Since professional surfer Mick Fanning was attacked by a great white shark in Jeffreys Bay while he was surfing in the finals of the JBay Open on 19 July, the question has been asked – just how sharky are South African coastal waters?
The KwaZulu-Natal Sharks Board reports that an analysis of South African shark attack records over the last four decades confirm that attacks are rare, with an average of only six incidents a year.
“Since 1990 only 26% of attacks have resulted in serious injury and only 15% were fatal.
This equates to an average of one serious shark-inflicted injury every year and one shark-inflicted fatality every 1.2 years along some 2 000km of coastline from the Mozambique border to Table Bay (Cape Town),” says the sharks board.
Shark Spotters, a pioneering shark safety programme and now the main shark safety programme used in Cape Town, echoes the words of the KwaZulu-Natal organisation.
It says that shark bites are rare typically random events. “On the Cape Peninsula, the first fatalities were recorded at Seaforth and Simonstown, in 1900 and 1901. Since 1960 however, only 25 attacks have occurred on the Cape Peninsula. That is less than one attack per year.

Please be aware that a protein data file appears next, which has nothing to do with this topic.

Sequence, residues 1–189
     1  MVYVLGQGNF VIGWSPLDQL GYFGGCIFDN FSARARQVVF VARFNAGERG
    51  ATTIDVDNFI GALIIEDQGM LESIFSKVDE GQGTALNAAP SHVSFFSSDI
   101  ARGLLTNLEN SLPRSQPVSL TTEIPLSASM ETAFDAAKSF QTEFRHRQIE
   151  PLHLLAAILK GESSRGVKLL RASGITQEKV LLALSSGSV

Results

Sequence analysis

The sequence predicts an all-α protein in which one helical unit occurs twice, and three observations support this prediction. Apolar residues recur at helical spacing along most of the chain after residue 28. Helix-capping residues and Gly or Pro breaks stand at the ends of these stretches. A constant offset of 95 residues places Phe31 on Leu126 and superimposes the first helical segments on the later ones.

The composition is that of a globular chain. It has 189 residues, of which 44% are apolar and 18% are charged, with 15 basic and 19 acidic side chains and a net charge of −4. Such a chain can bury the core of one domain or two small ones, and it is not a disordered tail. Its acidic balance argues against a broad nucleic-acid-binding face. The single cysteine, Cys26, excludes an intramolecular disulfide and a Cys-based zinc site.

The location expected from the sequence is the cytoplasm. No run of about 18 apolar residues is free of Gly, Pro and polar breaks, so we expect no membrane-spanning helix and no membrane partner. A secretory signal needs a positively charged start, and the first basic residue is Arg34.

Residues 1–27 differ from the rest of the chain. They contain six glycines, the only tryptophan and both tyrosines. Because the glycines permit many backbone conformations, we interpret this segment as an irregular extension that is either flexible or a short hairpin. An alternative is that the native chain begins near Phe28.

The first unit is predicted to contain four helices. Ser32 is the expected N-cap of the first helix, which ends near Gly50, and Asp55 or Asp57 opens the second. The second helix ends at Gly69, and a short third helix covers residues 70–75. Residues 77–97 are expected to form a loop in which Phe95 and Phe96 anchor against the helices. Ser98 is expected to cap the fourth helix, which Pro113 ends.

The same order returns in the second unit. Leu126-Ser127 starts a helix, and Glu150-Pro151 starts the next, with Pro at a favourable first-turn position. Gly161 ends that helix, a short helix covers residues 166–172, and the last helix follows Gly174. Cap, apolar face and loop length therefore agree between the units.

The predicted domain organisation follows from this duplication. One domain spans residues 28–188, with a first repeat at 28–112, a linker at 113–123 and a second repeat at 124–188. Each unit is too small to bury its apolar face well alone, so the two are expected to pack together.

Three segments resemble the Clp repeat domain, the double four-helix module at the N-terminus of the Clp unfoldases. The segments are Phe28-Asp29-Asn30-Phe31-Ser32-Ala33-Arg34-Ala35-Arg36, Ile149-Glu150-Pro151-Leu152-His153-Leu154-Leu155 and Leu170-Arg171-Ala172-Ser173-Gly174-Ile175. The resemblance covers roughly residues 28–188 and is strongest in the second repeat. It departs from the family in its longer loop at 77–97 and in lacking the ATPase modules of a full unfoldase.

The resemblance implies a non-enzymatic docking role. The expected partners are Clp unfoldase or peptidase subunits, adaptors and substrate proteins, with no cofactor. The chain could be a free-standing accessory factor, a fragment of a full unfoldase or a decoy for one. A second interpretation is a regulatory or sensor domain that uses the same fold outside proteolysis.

“Of these 25 attacks on the peninsula, a high percentage has been on spear fishers. Only four of these last 25 attacks have proved to be fatal.
Sharks don’t see people as their natural prey, but they may occasionally bite to investigate what you are, they may also bite because they feel threatened or in some cases they may even mistake people as their prey.”
The last fatal shark attack in Jeffreys Bay took place in October 2013, when local open water swimmer, Burgert Van Der Westhuizen was attacked and killed by a large Great White Shark while swimming near the Point surf break.